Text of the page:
Not that I did, I had the dead tree version in my hands within hours of release if I recall correctly. Heh.
06-22-2010 08:19 PM - edited 06-22-2010 08:34 PM
Look at what happened with the music industry a couple years ago.
Yes. Look at it. We started out with CDs and heavily DRMed mp3s and the industry was in a shambles (supposedly) due to piracy. Essentially, the music industry showed the same kind of idiotic knee-jerk response that the publishers are showing today. Today we have DRM-free mp3s sold by a plethora of companies like Amazon and iTunes and the industry is thriving. The old business model was obsolete, the new business model (after a lot of kicking and screaming) turned out to be DRM-free mp3 singles. Now, the quality of music is going up as well since bands can't rely on bundling up their crappy songs with the good ones and count on CD sales like they used to. Each song has to stand on its own merits now.
I have to say that the limited copy feature many publishers put on their books
iswould be a good thing if it actually worked.
FIxed that for you .
And no one (no one sane anyway) is saying that books should be free. All they're saying to publishers is - DRM hurts only the law-abiding book lover, the pirates are about as inconvenienced by it as a warning label on a physical book saying "please don't pirate this book".
Since methods to seamlessly remove DRM from books appear on the internet hours/days after a new method is introduced, we are back to the honor system anyway, except now the legit book buyers have unnecessary software blocks on their books, just in case they decide to pirate the book.
Basically, the publishers are telling the buyer - "breaking DRM is illegal (but ridiculously easy), please don't do it". Well, couldn't they save everyone the trouble and just put out DRM-free books and say - "Hey guys, illegally copying books is ... ah .... illegal. Please don't do it." That would be about as useful as DRM - the honest folks won't do any illegal copying, the pirates will do what pirates do (and with the internet, it only takes ONE competent pirate).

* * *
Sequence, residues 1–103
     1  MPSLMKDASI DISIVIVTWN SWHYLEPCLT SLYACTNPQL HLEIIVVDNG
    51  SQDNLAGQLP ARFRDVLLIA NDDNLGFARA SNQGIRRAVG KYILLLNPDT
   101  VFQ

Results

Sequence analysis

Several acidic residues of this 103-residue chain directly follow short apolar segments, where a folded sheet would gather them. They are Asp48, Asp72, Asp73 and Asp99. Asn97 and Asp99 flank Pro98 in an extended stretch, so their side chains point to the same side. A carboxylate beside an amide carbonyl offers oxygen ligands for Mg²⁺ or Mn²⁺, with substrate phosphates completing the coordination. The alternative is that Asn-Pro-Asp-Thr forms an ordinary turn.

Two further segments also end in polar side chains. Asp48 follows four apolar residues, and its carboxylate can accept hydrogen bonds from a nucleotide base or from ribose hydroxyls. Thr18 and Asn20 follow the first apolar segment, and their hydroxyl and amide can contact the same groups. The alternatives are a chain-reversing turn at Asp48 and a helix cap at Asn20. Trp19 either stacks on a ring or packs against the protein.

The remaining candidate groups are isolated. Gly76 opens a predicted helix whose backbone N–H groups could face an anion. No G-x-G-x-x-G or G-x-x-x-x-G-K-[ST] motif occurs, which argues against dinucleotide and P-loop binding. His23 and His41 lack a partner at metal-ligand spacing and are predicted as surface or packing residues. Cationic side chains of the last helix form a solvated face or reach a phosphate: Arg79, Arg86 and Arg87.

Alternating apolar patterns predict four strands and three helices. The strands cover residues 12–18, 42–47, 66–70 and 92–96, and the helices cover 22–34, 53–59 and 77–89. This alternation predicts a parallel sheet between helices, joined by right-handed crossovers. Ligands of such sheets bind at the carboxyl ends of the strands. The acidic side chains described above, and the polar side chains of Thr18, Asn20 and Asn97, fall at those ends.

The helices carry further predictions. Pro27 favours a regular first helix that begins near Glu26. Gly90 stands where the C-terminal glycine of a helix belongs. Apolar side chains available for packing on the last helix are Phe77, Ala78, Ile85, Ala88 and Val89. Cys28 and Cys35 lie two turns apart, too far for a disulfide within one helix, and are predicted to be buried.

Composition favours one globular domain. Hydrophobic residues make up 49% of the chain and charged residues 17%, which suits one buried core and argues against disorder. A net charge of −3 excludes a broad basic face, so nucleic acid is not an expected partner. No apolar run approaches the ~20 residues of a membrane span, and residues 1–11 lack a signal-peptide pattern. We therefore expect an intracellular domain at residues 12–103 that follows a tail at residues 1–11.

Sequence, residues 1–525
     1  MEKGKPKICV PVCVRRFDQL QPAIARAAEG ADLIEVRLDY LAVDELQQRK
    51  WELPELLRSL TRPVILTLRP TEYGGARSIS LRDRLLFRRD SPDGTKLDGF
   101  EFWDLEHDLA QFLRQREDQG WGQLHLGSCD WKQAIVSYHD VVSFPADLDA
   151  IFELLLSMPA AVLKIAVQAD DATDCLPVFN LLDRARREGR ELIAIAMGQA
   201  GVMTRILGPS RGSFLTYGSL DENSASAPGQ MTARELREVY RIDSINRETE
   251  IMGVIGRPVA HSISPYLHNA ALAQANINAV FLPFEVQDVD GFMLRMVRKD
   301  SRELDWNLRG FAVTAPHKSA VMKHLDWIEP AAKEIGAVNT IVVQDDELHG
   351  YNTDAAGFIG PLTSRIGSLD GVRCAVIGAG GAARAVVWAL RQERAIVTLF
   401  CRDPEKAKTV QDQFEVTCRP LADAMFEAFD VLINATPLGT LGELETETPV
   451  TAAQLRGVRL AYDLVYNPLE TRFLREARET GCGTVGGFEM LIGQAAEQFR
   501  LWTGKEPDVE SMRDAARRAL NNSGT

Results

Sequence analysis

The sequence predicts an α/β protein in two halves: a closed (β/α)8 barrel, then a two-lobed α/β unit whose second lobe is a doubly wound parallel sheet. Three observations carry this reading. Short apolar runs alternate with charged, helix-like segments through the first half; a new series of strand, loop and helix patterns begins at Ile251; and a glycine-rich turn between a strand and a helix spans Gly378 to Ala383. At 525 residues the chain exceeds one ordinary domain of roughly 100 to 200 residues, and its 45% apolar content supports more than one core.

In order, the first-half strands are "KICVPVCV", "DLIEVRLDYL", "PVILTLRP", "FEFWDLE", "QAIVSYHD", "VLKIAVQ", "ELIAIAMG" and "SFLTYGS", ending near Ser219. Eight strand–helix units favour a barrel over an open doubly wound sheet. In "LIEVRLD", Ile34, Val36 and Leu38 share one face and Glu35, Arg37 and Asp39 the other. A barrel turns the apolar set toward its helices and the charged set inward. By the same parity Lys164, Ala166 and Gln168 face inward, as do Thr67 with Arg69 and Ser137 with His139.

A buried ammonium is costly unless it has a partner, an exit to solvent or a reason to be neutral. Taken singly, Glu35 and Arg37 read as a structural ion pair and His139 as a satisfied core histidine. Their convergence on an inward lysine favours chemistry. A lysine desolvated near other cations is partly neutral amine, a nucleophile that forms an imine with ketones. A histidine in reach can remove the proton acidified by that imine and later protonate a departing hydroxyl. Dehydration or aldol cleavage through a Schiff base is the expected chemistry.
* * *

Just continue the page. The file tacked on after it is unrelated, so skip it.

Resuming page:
Here's an analogy. Imagine the police put handcuffs on everyone just in case they ever decide to commit a crime. That's not the stupid part. Here's the stupid part - the keys to the handcuffs are so easy to obtain that you can find them in a box of cereal. The police then tell you that it's illegal to use those easily available keys to unlock yourself. Now, the only people who remain locked up are the honest ones, the potential criminals are laughing their butts off. Now, wouldn't it be simpler to just tell everyone - "Hey guys, please don't commit crimes". You'll have the same results, but without foolishly (and unethically) persecuting the honest folks.
If this analogy seems ridiculous to you, well - join the club. DRM is just as ridculous (again, for purchases only. Use as much DRM as you want for rentals, no one has a problem with that).
Publishers are trying to protect their authors, as well as themselves with their limitations.
No, they're trying to appear to do so without really succeeding. This is why Baen remains the only publisher to actually hold the respect of its customers. Now, the article I linked to (by Eric Flint) goes farther than that but I don't expect everyone to agree with that (it's debatable). But the nice thing about Baen (as a lot of people have already mentioned) is that their books are DRM-free, and again, they are thriving.